Dealing with plastic pollution at every stage of the plastic life cycle requires the establishment of what is called a “circular economy.” This is a type of structure in the economy where raw materials are kept in a closed loop, and reusability is made feasible. This helps tackle poor plastic waste management, which is a large contributor to plastic pollution, especially in Pakistan. However, establishing a circular economy can be costly for countries like Pakistan, where several industries rely on semi-urban set ups. Altering the production practices in these industries to take into account plastic disposal can not only be costly but could also slow down production.
Pakistan should take advantage of the recent global spotlight on plastic pollution to partner with governmental and non-governmental entities that can help it fulfil its obligations under the future global plastics treaty without unduly burdening its fiscal resources. Resolution 5/14 contains a clause encouraging the establishment of a “financial mechanism to support implementing of the instrument including the option of a dedicated multilateral fund.” Pakistan should continue to push for such means of monetary assistance during the zero-draft negotiations at INC-3. In addition, Pakistan can work with non-governmental entities, which can save costs by sharing tried and tested frameworks. Pakistan has already partnered with the World Economic Forum’s Global Plastic Action Partnership, which will make Pakistan the fifth country to adopt its model of systematic changes towards a circular economy and eradication of plastic waste pollution. The National Action Plastic Partnership (NPAP) that Pakistan will establish through this collaboration will prioritise locally-led decision-making and involve local city and business leaders. Critically, it also intends to connect Pakistan with “strategic financing opportunities.” This can be complemented by partnering with organisations like Local Governments for Sustainability (ICLEI), which provides resources and advocates for establishing circular cities throughout the world. If Pakistani cities were to partner with the ICLEI, they would be the first partner circular city in South Asia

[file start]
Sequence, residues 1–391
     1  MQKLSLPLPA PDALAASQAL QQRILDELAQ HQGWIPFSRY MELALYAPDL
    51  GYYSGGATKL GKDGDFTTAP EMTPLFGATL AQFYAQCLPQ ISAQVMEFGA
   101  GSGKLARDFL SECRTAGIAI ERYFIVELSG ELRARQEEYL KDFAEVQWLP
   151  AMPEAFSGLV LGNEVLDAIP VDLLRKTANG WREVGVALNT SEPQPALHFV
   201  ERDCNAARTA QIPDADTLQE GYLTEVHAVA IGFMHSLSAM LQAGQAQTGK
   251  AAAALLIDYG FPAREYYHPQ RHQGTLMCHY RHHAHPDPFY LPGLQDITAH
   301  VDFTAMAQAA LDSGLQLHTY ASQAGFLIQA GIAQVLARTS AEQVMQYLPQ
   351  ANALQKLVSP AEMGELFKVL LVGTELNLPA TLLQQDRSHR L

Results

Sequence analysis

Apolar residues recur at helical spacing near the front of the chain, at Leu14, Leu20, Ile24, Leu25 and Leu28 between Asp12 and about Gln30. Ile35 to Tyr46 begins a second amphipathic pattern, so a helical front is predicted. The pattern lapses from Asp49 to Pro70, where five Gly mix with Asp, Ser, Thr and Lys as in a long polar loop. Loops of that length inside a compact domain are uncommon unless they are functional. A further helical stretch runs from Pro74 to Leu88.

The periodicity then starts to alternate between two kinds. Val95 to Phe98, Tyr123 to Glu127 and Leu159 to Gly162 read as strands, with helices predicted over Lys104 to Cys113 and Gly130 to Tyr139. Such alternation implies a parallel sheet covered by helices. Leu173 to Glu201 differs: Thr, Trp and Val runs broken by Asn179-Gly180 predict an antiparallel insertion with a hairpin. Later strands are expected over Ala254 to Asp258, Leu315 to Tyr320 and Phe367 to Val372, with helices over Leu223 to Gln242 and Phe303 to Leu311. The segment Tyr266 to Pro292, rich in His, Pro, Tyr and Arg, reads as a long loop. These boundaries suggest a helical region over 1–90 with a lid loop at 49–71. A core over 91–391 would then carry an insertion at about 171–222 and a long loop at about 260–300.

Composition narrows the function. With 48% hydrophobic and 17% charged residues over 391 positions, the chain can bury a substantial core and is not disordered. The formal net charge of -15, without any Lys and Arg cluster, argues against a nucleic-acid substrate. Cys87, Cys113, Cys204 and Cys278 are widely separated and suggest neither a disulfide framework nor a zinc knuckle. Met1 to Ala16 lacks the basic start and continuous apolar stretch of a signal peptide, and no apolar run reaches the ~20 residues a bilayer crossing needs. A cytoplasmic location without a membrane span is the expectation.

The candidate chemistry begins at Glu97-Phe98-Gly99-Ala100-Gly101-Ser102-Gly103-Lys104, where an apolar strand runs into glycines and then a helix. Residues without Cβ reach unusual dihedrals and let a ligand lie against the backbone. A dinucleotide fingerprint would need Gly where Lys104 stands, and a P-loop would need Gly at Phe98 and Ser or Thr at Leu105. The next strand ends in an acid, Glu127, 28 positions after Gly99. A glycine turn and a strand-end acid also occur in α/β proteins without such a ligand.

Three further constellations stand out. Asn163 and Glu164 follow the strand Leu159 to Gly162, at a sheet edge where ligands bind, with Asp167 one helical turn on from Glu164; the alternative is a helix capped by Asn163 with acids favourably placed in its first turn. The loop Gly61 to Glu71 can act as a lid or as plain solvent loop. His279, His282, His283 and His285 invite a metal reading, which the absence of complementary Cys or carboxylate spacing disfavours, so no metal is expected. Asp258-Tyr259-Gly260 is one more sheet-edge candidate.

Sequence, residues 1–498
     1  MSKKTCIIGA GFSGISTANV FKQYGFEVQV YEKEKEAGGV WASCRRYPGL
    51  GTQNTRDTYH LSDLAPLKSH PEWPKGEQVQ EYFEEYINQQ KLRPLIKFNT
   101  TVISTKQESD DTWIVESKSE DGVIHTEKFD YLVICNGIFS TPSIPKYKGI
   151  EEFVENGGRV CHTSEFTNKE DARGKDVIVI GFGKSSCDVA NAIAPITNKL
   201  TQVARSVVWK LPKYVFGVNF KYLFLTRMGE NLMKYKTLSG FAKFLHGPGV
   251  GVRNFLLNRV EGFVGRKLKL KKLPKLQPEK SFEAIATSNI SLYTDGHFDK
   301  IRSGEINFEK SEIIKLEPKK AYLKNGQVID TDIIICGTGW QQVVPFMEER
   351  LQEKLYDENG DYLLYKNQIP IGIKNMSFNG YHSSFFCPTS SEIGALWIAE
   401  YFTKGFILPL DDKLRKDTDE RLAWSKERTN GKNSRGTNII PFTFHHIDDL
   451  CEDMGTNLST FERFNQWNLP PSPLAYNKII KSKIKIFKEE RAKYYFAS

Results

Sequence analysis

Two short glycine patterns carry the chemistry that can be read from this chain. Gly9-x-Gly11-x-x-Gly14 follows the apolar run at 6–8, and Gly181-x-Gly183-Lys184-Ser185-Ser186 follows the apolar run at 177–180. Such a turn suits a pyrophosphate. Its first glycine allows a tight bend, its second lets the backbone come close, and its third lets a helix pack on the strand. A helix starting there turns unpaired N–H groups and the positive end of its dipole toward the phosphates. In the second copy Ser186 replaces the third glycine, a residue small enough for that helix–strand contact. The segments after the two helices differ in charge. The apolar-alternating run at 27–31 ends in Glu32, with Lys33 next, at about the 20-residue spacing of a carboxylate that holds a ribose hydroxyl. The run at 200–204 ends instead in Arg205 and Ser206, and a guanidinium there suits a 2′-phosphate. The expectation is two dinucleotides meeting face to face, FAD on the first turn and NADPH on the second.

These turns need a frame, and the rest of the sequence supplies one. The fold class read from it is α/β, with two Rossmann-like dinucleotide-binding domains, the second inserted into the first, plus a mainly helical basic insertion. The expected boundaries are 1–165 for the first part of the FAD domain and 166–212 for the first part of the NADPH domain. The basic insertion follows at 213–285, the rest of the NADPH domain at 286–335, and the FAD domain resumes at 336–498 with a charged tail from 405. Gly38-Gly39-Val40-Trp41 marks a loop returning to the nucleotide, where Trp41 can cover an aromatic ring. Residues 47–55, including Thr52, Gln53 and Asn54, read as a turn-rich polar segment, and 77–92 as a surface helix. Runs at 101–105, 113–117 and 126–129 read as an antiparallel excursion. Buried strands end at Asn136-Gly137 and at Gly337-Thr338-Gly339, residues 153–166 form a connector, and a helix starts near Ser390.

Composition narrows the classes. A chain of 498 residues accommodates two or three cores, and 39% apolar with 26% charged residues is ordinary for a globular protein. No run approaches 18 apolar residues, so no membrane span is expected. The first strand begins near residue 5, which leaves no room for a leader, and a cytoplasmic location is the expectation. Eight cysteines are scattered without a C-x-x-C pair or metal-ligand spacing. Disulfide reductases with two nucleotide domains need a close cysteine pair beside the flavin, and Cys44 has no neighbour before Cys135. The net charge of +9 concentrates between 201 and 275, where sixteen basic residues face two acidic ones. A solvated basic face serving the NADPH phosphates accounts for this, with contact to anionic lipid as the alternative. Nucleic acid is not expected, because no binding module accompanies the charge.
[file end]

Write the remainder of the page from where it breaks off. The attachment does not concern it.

c. Work out how to cater towards industrial lobbies
As negotiations for a framework to tackle plastic pollution continue at the international level, large industrial lobbies have regularly attempted to dilute the impact of an eventual plastics treaty. The Break Free From Plastics citizens coalition has publicly opposed the amount of influence given to the industry in the multistakeholder forum during INC-1, which they believe was used to cause delays in negotiations. This contributed to the forum being dissolved before INC-2.
Industrial influence in Pakistan is undeniable, with several parliamentarians having direct links with various manufacturing industries. Pakistan also has the second-largest market of domestic plastics in South/Southeast Asia (only behind India) and exhibits a growth rate of 15 per cent per annum. Thus, in terms of both employment and sales, the economic losses would make drastically increasing restrictions on the plastic industry too unpopular of a measure for any sitting government to take.
Resolution 5/14 has explicitly mentioned the need to encourage action by the private sector. Pakistan has attempted to do this with the help of its Extended Producer Responsibility, which institutionalises the ‘polluter pays’ principle. Pakistan should facilitate consultations with relevant industries to incentivise responsible practices throughout the plastics lifecycle without creating political backlash from interest groups in the industry.
The current negotiations on a legally binding plastics treaty have exhibited a rare level of international consensus. This is in contrast to the Kyoto Protocol and Paris Accords, which have had key stakeholders (most notably the United States of America) refusing to accede to or withdrawing from the treaties. However, this process of consensus can be harmful to developing countries like Pakistan if they are not proactive in the negotiation process.
Currently, South Asian States have missed out on playing a prominent role in multilateral efforts towards the plastics treaty. Meanwhile, South East Asia has shown increasing interest, with countries like South Korea being backed by the APG for hosting future INC conferences. Hence, by becoming a more prominent participant in the negotiations (such as by joining the High Ambition Coalition), Pakistan will improve its reputation for upholding environmental standards in front of the international community. This, in turn, could help in trade negotiations such as those Pakistan does with the EU under the GSP+. In addition, if Pakistan were to take a less passive role in these negotiations, it could help craft a treaty that not only provides an institutionalised framework for tackling the plastic crisis but may also provide it with the financial assistance to do s